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Shifting plates cause of Hoods quakes

State geologist says group of tremors nothing to fear


Mount Hood’s cluster of earthquakes last week caused concern in surrounding villages.

But the earthquakes were simply the mountain doing what it normally does, and are no reasons to be concerned, said state geologist Vicki McConnell of the Oregon Department of Geology and Mineral Studies.

“The pattern indicates that they are tectonic earthquakes, due to shifts in the earth’s crust,” McConnell said. “They’re not of the seismic magnitude that would indicate volcanic activity.”

Over the course of several days, the mountain experienced more than 30 small earthquakes, mostly centered on the Government Camp area, although most were not even strong enough to be felt.

Of the 20 most recent earthquakes, Pacific Northwest Seismic Network measured the largest at 2.3 on the Richter scale; it occurred at 9:23 a.m. Monday, March 24.

The last of the group of earthquakes was recorded at 5:13 a.m. Thursday, March 27. It registered at only 0.8.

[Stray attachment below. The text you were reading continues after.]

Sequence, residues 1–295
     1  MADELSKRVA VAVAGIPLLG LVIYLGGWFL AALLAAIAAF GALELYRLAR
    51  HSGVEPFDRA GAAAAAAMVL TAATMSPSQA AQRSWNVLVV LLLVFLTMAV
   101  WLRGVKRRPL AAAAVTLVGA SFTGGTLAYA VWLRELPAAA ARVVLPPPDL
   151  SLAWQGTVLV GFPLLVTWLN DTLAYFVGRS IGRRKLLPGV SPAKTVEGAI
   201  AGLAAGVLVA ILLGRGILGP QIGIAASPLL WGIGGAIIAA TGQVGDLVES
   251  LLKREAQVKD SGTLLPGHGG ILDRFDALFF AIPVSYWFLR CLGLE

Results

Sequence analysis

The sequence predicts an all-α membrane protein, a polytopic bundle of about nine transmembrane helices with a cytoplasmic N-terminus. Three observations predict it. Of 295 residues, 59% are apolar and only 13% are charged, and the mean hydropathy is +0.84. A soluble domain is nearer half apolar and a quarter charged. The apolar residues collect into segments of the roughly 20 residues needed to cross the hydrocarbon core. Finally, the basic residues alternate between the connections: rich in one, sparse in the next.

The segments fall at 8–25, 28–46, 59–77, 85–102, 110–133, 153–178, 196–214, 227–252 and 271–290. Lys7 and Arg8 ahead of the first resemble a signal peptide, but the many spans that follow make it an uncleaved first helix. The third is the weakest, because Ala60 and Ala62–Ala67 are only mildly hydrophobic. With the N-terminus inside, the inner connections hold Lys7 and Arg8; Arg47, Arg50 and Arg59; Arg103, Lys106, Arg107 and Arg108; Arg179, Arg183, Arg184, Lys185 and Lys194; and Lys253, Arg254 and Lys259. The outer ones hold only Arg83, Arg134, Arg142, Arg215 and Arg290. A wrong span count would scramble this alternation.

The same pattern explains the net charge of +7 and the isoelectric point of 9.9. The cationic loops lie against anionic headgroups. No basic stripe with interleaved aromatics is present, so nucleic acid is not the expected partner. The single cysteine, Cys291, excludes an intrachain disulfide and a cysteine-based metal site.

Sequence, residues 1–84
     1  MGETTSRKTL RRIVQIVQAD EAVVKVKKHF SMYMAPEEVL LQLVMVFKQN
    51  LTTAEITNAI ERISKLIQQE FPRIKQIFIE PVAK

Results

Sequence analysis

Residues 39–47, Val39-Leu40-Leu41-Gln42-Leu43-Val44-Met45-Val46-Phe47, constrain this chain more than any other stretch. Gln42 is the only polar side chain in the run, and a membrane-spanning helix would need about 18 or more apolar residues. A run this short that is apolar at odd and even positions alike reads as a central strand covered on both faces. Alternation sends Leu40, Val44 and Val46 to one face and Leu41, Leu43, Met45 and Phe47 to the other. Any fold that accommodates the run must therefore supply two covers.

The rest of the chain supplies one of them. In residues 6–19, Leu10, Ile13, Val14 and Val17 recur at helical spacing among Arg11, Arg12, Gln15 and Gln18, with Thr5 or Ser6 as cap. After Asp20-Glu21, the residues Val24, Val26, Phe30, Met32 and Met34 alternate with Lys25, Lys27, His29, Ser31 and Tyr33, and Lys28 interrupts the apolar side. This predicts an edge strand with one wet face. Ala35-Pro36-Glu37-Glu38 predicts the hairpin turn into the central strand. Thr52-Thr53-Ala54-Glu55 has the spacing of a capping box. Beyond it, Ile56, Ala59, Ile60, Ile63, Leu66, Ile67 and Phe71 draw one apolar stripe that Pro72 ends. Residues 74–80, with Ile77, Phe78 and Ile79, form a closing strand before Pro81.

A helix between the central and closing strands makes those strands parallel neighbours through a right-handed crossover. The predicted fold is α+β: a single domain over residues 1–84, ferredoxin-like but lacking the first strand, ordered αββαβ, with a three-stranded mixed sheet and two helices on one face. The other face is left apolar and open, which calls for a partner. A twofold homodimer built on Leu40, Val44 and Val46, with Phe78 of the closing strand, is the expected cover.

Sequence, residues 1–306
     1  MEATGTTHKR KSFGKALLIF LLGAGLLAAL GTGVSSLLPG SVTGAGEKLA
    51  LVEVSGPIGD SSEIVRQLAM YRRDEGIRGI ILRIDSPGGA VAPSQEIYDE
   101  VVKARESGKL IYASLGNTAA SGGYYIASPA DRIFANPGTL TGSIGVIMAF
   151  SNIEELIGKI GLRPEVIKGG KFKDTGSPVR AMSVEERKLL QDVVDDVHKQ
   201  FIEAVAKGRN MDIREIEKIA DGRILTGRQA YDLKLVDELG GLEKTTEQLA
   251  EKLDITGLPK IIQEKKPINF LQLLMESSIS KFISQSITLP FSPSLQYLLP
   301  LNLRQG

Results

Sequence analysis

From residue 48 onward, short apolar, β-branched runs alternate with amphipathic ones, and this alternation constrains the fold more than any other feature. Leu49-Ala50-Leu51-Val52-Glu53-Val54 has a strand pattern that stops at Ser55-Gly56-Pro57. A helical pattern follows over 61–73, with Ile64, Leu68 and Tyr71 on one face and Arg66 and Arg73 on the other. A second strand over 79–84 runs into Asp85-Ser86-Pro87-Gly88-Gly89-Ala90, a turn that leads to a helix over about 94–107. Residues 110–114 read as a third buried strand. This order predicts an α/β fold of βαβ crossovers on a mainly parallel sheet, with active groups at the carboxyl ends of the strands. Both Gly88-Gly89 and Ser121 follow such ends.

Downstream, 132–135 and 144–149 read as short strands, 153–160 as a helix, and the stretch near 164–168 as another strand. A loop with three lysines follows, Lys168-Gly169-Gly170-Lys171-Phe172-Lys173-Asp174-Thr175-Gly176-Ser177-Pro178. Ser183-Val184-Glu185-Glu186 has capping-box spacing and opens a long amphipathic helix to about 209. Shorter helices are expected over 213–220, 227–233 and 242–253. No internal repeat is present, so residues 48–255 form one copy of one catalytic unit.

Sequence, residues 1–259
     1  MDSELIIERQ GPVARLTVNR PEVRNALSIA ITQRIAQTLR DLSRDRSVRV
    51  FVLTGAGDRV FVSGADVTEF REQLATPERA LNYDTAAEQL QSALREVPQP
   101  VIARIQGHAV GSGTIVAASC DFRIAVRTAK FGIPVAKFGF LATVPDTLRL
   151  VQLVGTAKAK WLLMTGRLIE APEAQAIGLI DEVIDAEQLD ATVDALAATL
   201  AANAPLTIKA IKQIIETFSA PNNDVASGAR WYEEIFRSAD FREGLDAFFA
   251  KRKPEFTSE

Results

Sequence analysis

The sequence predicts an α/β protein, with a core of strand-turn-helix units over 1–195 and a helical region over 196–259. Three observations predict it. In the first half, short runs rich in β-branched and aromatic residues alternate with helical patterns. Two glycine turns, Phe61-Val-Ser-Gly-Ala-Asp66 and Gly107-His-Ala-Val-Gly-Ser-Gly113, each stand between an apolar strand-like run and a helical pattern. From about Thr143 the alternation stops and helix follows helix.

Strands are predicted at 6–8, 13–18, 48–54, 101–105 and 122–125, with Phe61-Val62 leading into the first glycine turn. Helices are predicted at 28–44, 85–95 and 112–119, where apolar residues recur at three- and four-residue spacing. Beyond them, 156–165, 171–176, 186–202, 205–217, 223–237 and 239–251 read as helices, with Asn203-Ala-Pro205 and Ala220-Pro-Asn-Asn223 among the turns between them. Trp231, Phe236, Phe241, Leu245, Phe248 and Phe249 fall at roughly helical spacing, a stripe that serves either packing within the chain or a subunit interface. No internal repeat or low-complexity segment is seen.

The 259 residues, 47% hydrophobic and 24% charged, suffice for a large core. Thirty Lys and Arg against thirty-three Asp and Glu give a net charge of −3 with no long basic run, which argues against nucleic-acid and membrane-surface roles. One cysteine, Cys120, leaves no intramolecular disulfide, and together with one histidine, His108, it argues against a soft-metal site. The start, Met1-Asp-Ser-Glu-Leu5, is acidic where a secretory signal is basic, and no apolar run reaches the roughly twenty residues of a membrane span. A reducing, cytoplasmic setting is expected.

Seismologists use the Richter scale to measure the energy released during an earthquake.

McConnell described last week’s seismic event as an earthquake swarm, a cluster of earthquakes that occur close together in a relatively short amount of time. Mount Hood experiences hundreds of earthquakes a year, and around two to three earthquake swarms, McConnell said.

McConnell suggests checking Pacific Northwest Seismic Network for information on earthquakes occurring near Mount Hood. The network is dedicated to providing fast and accurate information about local earthquakes in the region. Seismologists and volcanologists can use that information to determine if the activity is cause for concern. “It’s great that we have this,” McConnell said.

So far, nothing has been found to indicate there may be any more, bigger earthquakes coming our way. McConnell said if experts had found any troubling evidence in the recent earthquake swarm, they would have known already.

Pacific Northwest Seismic Network data shows a grouping of recent earthquakes around Government Camp that form a line, which could indicate a fault line for a tectonic plate.

McConnell said the most likely cause for the earthquake swarm is a local fault line, but there have not been any faults specifically mapped.

Data from the network can be found at http://www.pnsn.org/volcanoes/mount-hood#recent-seismicity.